Ephemeral messaging is huge right now with Snapchat leading the charge. Except “ephemeral” messages are more permanent than the name might suggest – charges were filed with the FTC against the photo messenger about this and a couple of other issues.
“If a company markets privacy and security as key selling points in pitching its service to consumers, it is critical that it keep those promises,” said FTC Chairwoman Edith Ramirez. “Any company that makes misrepresentations to consumers about its privacy and security practices risks FTC action.”
A weakness in Snapchat’s system exposed personal info for 4.6 million of its users earlier this year and the developer’s attempt at fixing it didn’t go very well.
FTC found more problems. Users can log in with third-party apps and such apps can easily save received messages. The commission found that “such third-party apps have been downloaded millions of times.”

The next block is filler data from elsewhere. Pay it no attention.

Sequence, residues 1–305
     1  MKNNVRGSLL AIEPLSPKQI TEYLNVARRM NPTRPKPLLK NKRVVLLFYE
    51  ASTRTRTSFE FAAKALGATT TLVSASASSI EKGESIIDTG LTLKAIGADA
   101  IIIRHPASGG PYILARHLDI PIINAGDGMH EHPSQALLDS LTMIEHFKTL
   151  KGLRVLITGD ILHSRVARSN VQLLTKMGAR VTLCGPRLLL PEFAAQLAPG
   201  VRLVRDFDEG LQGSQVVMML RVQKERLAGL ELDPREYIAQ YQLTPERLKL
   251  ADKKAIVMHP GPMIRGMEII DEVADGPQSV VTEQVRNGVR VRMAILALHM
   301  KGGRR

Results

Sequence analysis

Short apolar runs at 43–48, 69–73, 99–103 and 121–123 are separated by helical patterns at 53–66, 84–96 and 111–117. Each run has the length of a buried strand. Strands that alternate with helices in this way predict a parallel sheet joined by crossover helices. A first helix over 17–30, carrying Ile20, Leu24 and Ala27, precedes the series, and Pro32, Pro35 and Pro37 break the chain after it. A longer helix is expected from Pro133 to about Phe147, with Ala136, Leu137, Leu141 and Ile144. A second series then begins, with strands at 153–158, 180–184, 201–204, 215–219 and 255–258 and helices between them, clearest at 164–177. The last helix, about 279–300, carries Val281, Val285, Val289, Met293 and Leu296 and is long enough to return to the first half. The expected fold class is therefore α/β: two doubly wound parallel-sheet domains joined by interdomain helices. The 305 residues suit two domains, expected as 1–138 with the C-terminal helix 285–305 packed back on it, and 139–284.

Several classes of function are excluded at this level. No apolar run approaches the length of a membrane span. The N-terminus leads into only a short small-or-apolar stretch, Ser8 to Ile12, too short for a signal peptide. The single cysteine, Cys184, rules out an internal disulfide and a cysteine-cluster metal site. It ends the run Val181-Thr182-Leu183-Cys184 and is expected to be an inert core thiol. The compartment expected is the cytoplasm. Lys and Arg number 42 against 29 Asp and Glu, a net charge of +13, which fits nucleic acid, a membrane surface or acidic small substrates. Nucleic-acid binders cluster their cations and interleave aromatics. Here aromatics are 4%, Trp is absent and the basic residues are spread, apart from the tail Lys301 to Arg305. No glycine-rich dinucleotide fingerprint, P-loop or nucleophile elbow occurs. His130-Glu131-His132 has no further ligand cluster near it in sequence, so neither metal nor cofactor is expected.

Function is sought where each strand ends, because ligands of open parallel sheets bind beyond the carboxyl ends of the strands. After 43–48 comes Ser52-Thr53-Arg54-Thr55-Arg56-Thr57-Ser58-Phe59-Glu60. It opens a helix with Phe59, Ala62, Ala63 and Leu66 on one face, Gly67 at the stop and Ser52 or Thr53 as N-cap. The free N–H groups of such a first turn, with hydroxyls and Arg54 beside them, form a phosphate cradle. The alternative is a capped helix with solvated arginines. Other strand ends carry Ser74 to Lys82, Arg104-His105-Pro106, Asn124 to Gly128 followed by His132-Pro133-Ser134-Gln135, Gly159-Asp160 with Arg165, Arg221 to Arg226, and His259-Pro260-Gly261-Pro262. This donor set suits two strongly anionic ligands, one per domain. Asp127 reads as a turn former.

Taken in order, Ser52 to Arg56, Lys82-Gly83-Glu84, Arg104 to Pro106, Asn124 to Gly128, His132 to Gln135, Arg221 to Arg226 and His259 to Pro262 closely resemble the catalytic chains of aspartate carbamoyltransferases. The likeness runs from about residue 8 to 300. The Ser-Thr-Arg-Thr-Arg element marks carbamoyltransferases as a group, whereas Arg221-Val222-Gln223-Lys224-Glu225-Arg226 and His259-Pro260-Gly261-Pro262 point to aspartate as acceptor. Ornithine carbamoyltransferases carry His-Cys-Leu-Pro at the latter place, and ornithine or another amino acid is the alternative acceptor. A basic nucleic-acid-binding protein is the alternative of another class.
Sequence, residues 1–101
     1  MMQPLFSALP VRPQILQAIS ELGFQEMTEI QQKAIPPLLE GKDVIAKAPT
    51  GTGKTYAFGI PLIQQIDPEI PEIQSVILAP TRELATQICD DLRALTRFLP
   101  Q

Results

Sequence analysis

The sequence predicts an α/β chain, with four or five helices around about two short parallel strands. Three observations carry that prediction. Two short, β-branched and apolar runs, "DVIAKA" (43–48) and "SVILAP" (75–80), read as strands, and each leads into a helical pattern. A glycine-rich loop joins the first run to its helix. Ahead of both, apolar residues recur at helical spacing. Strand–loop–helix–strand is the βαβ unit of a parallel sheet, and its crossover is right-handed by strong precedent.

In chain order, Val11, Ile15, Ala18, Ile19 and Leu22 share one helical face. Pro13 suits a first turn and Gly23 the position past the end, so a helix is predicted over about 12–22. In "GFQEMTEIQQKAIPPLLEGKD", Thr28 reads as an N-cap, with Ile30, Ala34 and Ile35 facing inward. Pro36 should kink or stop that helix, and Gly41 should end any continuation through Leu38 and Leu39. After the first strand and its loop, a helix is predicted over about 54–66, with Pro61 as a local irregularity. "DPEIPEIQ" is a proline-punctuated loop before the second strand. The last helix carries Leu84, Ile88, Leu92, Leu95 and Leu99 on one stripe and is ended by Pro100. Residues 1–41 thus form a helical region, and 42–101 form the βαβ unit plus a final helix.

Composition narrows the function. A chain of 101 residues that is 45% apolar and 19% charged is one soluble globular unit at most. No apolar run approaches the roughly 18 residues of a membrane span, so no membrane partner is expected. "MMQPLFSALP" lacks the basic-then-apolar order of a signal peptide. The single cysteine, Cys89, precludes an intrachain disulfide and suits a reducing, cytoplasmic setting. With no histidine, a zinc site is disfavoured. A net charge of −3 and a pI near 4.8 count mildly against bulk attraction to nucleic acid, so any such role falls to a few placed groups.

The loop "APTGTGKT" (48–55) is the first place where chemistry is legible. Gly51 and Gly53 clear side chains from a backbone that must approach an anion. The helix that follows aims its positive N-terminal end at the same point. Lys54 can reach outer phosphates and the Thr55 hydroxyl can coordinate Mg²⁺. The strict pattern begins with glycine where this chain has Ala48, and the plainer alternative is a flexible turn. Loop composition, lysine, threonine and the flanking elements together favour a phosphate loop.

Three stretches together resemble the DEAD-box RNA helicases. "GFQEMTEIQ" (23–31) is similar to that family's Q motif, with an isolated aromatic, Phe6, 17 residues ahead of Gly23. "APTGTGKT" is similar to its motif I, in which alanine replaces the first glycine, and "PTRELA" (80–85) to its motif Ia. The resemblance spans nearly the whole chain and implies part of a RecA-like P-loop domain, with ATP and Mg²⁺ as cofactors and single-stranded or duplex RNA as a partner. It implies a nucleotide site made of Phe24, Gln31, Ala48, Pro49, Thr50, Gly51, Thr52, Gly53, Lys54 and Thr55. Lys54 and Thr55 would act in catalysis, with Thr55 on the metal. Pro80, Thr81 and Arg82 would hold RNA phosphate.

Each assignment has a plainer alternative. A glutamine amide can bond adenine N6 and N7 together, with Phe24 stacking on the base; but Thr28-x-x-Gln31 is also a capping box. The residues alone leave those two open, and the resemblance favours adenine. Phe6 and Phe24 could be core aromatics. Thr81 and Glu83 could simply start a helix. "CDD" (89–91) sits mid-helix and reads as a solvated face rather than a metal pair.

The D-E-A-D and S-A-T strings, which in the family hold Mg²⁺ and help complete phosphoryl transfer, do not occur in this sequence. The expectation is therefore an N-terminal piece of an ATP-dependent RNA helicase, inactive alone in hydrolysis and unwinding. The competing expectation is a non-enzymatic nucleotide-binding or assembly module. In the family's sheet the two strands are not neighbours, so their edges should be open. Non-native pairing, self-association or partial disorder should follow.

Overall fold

It gets worse still, you don’t even need a third-party app. Snapchat stores photos and videos in its “sandbox” where other apps can’t touch it, but they are not encrypted so if you connect your phone to a PC, you can easily download them. The screenshot detection feature could also be easily circumvented on iOS prior to version 7.
Additionally, the FTC alleges that Snapchat failed to verify that users were who they claim to be (easier to fake after the 4.6 million user data leak) and people can send and receive snaps to and from people claiming to be their friends, while actually communicating with malicious attackers and spammers.
Finally, here’s the settlement that Snapchat and the FTC entered – “Snapchat will be prohibited from misrepresenting the extent to which it maintains the privacy, security, or confidentiality of users’ information. In addition, the company will be required to implement a comprehensive privacy program that will be monitored by an independent privacy professional for the next 20 years.”
You can read Snapchat’s blog post about the settlement and FTC’s press release.